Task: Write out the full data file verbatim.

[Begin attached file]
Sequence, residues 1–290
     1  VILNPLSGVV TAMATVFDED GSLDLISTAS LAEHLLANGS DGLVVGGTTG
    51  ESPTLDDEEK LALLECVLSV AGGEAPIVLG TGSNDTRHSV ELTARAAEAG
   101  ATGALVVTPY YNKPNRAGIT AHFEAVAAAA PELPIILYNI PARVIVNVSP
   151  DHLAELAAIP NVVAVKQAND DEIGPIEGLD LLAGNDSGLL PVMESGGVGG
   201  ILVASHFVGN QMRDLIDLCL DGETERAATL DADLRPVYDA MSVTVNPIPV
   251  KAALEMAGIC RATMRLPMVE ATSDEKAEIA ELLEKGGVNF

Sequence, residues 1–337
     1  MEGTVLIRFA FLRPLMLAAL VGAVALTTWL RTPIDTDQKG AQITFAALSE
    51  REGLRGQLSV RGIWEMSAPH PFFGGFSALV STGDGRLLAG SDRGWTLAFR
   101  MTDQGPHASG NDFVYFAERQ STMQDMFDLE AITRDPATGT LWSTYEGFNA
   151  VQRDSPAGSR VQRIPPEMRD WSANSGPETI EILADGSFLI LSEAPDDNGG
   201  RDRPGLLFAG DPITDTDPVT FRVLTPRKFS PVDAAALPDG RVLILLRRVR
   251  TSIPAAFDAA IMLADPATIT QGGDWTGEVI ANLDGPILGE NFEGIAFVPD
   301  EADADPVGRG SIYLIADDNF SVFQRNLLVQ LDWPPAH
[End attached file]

Sequence, residues 1–290
     1  VILNPLSGVV TAMATVFDED GSLDLISTAS LAEHLLANGS DGLVVGGTTG
    51  ESPTLDDEEK LALLECVLSV AGGEAPIVLG TGSNDTRHSV ELTARAAEAG
   101  ATGALVVTPY YNKPNRAGIT AHFEAVAAAA PELPIILYNI PARVIVNVSP
   151  DHLAELAAIP NVVAVKQAND DEIGPIEGLD LLAGNDSGLL PVMESGGVGG
   201  ILVASHFVGN QMRDLIDLCL DGETERAATL DADLRPVYDA MSVTVNPIPV
   251  KAALEMAGIC RATMRLPMVE ATSDEKAEIA ELLEKGGVNF

Sequence, residues 1–337
     1  MEGTVLIRFA FLRPLMLAAL VGAVALTTWL RTPIDTDQKG AQITFAALSE
    51  REGLRGQLSV RGIWEMSAPH PFFGGFSALV STGDGRLLAG SDRGWTLAFR
   101  MTDQGPHASG NDFVYFAERQ STMQDMFDLE AITRDPATGT LWSTYEGFNA
   151  VQRDSPAGSR VQRIPPEMRD WSANSGPETI EILADGSFLI LSEAPDDNGG
   201  RDRPGLLFAG DPITDTDPVT FRVLTPRKFS PVDAAALPDG RVLILLRRVR
   251  TSIPAAFDAA IMLADPATIT QGGDWTGEVI ANLDGPILGE NFEGIAFVPD
   301  EADADPVGRG SIYLIADDNF SVFQRNLLVQ LDWPPAH